Hakka people are migratory tribes of ethnic Han people originated from central China. Their ancestors exiled themselves from foreign rulers such as the Mongols in Yuan Dynasty. Due to their late migration to the southern areas of China, they found that all of the best land had been settled long before. The Hakkas then were forced to settle in the sparsely settled hill country.
As a result, fresh produce was at a premium, forcing the Hakkas to heavily utilize dried and preserved ingredients, such as various kinds of fermented beancurd and much use of onion. Due to the hill country being far inland seafood is a rarity. Pork is by far the most favored meat of the Hakkas, with belly bacon being the preferred cut as it has alternating layers of fat and lean meat, providing an excellent texture.
Famous dishes in Hakka restaurants in Hong Kong include:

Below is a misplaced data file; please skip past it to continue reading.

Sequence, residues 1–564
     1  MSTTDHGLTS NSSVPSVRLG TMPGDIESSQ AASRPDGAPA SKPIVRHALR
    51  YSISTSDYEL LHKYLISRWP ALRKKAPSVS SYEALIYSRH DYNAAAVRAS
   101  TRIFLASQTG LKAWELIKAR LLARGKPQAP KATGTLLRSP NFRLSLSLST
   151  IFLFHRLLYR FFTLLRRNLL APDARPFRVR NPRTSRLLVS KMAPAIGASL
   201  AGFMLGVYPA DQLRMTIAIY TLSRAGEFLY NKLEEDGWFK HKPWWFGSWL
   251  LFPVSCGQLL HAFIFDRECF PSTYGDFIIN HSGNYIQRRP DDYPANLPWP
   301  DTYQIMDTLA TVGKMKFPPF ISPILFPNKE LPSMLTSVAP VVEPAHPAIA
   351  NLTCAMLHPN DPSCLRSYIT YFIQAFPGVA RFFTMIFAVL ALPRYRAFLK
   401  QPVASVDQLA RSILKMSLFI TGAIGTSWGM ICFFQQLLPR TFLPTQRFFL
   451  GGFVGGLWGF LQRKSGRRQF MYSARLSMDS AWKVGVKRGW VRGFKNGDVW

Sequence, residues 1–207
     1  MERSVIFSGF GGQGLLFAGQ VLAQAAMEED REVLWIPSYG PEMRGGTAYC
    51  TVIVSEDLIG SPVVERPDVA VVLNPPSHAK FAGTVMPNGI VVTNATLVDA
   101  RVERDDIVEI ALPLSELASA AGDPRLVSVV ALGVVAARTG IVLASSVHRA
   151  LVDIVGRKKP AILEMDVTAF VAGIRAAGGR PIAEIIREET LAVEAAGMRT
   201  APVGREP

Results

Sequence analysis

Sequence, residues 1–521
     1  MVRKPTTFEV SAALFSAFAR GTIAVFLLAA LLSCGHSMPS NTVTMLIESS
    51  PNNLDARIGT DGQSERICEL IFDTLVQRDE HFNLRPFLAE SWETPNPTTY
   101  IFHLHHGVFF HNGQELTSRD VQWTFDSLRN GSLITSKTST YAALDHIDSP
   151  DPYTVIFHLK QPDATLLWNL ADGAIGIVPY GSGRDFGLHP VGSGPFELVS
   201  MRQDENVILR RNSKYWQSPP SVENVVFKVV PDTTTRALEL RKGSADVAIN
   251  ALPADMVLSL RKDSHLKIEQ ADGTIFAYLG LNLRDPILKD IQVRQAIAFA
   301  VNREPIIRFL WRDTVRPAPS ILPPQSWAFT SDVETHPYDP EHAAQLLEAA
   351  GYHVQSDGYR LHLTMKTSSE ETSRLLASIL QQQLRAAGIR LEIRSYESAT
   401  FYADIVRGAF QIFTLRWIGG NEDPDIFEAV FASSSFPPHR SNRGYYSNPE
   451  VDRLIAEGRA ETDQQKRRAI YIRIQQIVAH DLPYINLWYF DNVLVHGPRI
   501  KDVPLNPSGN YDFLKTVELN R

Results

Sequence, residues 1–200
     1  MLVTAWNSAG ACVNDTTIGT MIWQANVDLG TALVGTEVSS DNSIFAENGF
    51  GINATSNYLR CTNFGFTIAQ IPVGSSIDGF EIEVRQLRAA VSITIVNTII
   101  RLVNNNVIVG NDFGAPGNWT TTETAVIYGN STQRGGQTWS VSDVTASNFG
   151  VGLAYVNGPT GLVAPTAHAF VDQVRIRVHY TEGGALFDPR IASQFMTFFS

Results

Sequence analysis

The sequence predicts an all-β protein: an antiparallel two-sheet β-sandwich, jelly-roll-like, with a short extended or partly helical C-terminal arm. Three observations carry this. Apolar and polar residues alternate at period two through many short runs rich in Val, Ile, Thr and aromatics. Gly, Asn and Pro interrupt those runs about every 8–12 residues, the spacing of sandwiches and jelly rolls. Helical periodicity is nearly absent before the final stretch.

Salt baked chicken (東江鹽焗雞) – supposed to be baked inside a heap of hot salt, but many restaurants simply cook in brine nowadays.
Duck stuffed with rice (糯米鴨) – a whole duck is de-boned while maintaining the shape of the bird, the cavities are filled with seasoned sticky rice.
Tofu soup in pot (東江釀豆腐煲) – the stuffed tofu cubes.
Beef ball soup – very simple clear broth with lettuce and beef balls.
Other traditional Hakka dishes include:
Fried pork with fermented beancurd: this is a popular Chinese New Year offering which involves two stages of cooking. As previously mentioned, fresh food was at a premium in Hakka areas, so the marinated pork was deep fried to remove the moisture in order to preserve it. When a meal of pork was desired, the fried pork was then stewed with water and wood’s ear fungus. Think of it as a Hakka equivalent to canned soup.
Yong Tau Foo (酿豆腐): various oddments including eggplants, chillies and bitter melon stuffed with fish paste, beancurd, beancurd skin, fish and meat balls among other ingredients, served in clear soup.
Kau yuk (扣肉): Alternate pieces of pork and yam served in a dark sauce whose principal component is, of course, fermented beancurd.
Hakka food also includes takes on other traditional Chinese dishes, just as other Chinese dialects do.